Additionally, witness protection and assistance activities should be able to swiftly change/adapt to suit the specific security challenges and socio-cultural sensibilities of the region where the protection activities are taking place. This can be best achieved through a regional witness protection scheme that has the necessary local knowledge, intelligence as well as a high level of autonomy to take its own protection decisions without outside interference.
A centre leaning regional protection model, akin to what exists in South Africa, would not be suitable for Sri Lanka since regional protection officers under the South African model are ultimately responsible to the centre. Adopting this kind of operational model leaves room for political interference, especially in a country like Sri Lanka.
Lessons for Sri Lanka’s transitional justice mechanism based witness protection units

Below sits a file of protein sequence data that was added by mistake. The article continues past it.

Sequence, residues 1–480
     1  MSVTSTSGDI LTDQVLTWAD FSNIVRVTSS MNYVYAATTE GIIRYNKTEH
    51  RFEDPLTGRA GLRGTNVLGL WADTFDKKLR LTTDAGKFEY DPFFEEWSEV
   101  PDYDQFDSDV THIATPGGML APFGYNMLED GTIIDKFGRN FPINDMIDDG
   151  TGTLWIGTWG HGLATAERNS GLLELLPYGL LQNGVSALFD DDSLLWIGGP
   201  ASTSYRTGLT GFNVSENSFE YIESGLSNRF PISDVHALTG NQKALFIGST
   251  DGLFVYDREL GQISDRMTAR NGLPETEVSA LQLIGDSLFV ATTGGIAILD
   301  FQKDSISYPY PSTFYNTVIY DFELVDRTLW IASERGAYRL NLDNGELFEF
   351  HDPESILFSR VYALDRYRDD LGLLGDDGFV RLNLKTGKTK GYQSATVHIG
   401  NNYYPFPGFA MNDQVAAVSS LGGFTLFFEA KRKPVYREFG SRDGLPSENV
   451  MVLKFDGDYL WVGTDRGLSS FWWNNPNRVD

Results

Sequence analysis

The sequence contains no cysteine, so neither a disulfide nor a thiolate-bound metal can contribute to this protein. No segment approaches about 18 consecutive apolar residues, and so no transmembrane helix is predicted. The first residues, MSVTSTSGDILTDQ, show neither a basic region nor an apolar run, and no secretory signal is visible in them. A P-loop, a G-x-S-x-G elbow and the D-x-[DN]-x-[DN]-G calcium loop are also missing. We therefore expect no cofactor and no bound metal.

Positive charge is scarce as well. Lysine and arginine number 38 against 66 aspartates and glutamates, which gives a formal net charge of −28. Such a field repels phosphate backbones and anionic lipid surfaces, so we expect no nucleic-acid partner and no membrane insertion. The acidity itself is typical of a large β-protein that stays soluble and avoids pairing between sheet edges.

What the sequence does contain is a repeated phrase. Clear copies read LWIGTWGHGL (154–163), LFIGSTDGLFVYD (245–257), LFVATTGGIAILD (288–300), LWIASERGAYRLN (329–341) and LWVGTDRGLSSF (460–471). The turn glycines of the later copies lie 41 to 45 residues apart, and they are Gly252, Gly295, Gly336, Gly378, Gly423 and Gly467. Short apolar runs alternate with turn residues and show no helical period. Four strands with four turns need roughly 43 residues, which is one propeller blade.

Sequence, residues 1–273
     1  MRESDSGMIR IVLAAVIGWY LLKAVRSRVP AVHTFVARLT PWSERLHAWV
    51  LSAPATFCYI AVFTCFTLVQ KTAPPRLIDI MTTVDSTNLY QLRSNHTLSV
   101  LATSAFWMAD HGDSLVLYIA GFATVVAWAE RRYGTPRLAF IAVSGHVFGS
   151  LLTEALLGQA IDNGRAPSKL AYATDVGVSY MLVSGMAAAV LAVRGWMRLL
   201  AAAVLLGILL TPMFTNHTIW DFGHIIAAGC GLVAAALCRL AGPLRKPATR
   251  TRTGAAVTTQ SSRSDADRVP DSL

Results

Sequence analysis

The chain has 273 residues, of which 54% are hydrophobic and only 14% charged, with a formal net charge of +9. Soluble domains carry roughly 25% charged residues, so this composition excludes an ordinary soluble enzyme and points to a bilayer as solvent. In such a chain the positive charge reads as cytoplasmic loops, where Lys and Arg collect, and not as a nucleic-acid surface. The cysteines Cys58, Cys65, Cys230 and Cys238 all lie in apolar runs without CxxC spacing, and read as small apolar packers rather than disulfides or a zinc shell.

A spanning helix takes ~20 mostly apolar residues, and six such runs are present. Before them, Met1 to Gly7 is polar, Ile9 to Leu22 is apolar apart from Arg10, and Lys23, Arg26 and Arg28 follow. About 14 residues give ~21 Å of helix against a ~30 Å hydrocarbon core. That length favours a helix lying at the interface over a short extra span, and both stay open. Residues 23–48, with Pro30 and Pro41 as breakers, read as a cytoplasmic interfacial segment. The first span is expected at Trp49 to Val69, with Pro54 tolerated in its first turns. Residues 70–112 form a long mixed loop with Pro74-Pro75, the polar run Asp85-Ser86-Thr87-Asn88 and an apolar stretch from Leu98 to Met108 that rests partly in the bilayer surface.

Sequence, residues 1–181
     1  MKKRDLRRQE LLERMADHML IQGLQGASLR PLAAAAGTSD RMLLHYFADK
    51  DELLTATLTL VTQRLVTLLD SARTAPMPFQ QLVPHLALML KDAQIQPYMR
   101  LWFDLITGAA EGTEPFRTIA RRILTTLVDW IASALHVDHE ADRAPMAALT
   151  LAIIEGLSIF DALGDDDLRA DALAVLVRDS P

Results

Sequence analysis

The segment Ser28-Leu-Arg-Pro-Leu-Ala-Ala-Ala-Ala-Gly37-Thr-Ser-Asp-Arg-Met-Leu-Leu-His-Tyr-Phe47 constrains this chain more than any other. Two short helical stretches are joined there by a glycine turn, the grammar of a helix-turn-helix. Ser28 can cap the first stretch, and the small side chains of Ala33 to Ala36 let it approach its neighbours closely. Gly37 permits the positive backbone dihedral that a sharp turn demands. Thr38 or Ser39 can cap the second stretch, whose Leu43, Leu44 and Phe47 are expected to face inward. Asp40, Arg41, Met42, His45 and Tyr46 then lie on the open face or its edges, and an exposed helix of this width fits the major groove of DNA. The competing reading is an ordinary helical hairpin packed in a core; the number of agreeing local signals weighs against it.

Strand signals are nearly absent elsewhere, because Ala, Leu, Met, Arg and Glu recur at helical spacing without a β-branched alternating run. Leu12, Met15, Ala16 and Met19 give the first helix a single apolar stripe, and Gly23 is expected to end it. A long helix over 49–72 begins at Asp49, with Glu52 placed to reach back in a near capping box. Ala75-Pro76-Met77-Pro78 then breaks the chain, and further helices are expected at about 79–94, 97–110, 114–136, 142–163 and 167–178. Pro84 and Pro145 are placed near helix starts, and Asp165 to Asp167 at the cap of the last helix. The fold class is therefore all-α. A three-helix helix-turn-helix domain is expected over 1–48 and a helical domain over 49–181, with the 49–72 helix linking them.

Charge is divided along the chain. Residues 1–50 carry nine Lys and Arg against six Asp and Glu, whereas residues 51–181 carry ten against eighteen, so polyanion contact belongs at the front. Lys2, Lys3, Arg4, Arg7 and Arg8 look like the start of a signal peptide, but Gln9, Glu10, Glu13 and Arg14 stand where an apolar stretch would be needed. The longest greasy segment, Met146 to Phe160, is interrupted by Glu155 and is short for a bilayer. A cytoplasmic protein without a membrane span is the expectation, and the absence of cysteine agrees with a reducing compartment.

As mentioned in the first article in this serial titled Contextualising Victim and Witness Protection for Transitional Justice, the primary stakeholders of every transitional justice process are its victims and witnesses. It is therefore fundamentally important for the victim and witness protection units within existing and future transitional justice mechanisms to be completely autonomous from the security sector and police forces of Sri Lanka.
The autonomy of the protection units should also be akin to that of the regional witness protection programmes of Australia and Canada, which can function completely independently without interference from the national witness protection programmes in their countries. It is therefore reassuring to see the complete separation of the ‘Victim and Witness Protection Division’ of Sri Lanka’s Office on Missing Persons (OMP), from the national witness protection system. Nonetheless, the OMP Act does provide discretion for this Division to ‘coordinate with law enforcement officials where it deems necessary’.
In spite of such discretion, the OMP’s Victim and Witness Protection Division should guard against using this power for the purpose of delegating threat assessment or protection activities to law enforcement officials. Such a course of action could seriously erode the trust and confidence of many victims and witnesses.